AP NEWS
Related topics

AM Prep-Cyber Corner

April 11, 2019

IN THE NEWS: FACEBOOK UPDATES

SAN FRANCISCO (AP) — Facebook is out with a new set of updates — aimed at fighting the spread of false information on the popular social media site. Among the features of the updates is an expansion of Facebook’s fact-checking program. It will feature the increased use of outside expert sources, including The Associated Press, to vet videos and other material posted on Facebook. Also, groups formed on Facebook will be more closely monitored to prevent the spread of fake information. Facebook, Twitter and other popular online sites have been facing increasing criticism for the spread of extremism and misinformation.

IN THE NEWS: HOUSE VOTES TO RESTORE “NET NEUTRALITY” RULES

WASHINGTON (AP) — There’s little chance it will get through the Senate — but the House has passed a bill to restore Obama-era “net neutrality” rules. The Save the Internet Act sailed through the Democrat-controlled House 232-190 yesterday, with the vote falling pretty much along party lines. But Senate leader Mitch McConnell says the measure is “dead on arrival” in the Republican-led chamber. The Trump administration also opposes the bill. The 2015 net neutrality rules barred ISPs like Comcast, Verizon and AT&T from playing favorites in regulating online traffic.

ON THE WEB: YAHOO BREACH SETTLEMENT

CYBERSPACE (AP) — There’s another settlement in the works in connection with that massive security breach at Yahoo. Under terms of the proposed deal, the nearly 200 million people who had their personal information snatched up in 2013 and 2014 will get two years of free credit-monitoring services. The legal settlement is valued at $117.5 million. That amount was bumped up from an earlier $50 million deal rejected by a federal judge. The new deal also requires judicial approval.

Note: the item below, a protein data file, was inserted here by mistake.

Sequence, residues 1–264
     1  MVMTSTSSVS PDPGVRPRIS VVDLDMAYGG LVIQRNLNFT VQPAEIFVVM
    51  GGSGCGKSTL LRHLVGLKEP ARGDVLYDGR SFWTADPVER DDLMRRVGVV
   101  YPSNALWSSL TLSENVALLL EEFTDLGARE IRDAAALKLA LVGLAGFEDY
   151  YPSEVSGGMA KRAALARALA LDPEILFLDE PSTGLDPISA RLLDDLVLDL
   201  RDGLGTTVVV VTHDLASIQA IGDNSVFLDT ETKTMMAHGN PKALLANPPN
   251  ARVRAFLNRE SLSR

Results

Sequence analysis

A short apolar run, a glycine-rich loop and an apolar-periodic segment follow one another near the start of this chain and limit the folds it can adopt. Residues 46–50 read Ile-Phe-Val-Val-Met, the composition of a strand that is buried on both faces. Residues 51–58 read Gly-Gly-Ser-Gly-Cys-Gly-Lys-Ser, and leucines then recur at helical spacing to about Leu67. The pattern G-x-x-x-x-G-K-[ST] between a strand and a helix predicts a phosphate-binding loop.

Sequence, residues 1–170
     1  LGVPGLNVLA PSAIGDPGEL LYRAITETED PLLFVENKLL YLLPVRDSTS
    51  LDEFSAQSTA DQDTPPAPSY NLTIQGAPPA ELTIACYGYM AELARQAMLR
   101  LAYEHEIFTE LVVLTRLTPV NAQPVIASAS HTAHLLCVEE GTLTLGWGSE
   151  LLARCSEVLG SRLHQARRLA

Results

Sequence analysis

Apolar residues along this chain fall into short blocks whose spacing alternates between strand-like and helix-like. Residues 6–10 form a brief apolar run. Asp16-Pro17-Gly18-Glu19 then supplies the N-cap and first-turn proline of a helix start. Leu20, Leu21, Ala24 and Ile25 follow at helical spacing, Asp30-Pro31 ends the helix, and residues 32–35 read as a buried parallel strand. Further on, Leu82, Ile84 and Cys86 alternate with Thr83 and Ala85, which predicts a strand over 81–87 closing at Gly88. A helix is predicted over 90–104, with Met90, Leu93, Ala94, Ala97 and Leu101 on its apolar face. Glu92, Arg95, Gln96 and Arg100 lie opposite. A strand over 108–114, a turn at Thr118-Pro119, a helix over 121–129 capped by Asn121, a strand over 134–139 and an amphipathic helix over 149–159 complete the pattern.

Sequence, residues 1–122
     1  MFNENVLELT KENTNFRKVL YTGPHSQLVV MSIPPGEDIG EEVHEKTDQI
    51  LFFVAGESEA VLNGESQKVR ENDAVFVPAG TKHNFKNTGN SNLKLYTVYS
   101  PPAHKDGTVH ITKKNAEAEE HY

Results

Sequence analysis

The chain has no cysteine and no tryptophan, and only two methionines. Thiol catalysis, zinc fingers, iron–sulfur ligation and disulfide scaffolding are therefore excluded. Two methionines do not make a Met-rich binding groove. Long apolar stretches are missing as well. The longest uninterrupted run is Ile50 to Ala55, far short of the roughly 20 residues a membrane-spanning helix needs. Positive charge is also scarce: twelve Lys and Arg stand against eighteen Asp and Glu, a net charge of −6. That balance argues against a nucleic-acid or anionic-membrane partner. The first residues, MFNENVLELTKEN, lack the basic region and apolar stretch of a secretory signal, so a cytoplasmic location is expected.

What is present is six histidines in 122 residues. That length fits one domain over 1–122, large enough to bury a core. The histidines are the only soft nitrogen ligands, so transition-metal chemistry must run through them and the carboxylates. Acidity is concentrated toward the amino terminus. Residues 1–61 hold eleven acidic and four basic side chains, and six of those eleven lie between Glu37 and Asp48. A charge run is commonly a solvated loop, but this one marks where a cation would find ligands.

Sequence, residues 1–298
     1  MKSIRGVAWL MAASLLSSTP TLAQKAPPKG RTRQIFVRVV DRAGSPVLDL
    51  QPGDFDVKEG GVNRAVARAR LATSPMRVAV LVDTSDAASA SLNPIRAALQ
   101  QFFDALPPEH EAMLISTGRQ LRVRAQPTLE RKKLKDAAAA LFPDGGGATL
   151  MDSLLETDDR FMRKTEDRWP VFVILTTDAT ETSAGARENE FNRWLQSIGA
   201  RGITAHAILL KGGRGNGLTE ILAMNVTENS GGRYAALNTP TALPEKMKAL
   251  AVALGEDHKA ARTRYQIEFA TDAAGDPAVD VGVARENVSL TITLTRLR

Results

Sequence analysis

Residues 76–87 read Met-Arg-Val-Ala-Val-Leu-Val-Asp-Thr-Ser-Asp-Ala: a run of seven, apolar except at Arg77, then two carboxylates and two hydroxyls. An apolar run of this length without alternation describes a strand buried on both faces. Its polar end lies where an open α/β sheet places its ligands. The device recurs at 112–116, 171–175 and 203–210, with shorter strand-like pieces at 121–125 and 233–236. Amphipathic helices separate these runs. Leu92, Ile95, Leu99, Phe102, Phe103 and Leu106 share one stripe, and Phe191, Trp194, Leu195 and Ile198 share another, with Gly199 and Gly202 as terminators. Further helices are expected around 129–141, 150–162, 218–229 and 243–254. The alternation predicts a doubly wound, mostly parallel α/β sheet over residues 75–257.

___

Sound:

060891-v-358:32-(Mike Gracia, AP correspondent)-“I’m Mike Gracia”-Yahoo to pay $117.5M in latest settlement of massive breach (10 Apr 2019)

<<CUT *060891 (04/10/19)££ 358:32 “I’m Mike Gracia”

060890-v-291:60-(Mike Gracia, AP correspondent)-“I’m Mike Gracia”-Yahoo to pay $117.5M in latest settlement of massive breach (10 Apr 2019)

<<CUT *060890 (04/10/19)££ 291:60 “I’m Mike Gracia”

___

Online:

Yahoo site: http://www.yahoo.com

IN STORES: STREAMING SERVICES - PRICES

NEW YORK (AP) — Cutting the cord? You may need to cut a larger check. In the early days of people looking to streaming services to replace traditional TV and satellite service, the idea was billed as a way to save money. But lately, online TV providers are raising prices. The latest is Google’s YouTube TV, which bumped its monthly fee up to $50 — up from the $35 it launched at. As price increases continue, it’s likely that bundles for streaming end up offering more channels — to more closely mirror what many already have with cable or a dish. And as more streaming services enter the game, it’s expected that prices for streaming will keep rising, making the alternatives not much cheaper than the cable packages they were designed to replace.

by Oscar Wells Gabriel II

Follow Oscar Wells Gabriel II on Twitter at https://twitter.com/OWGabriel2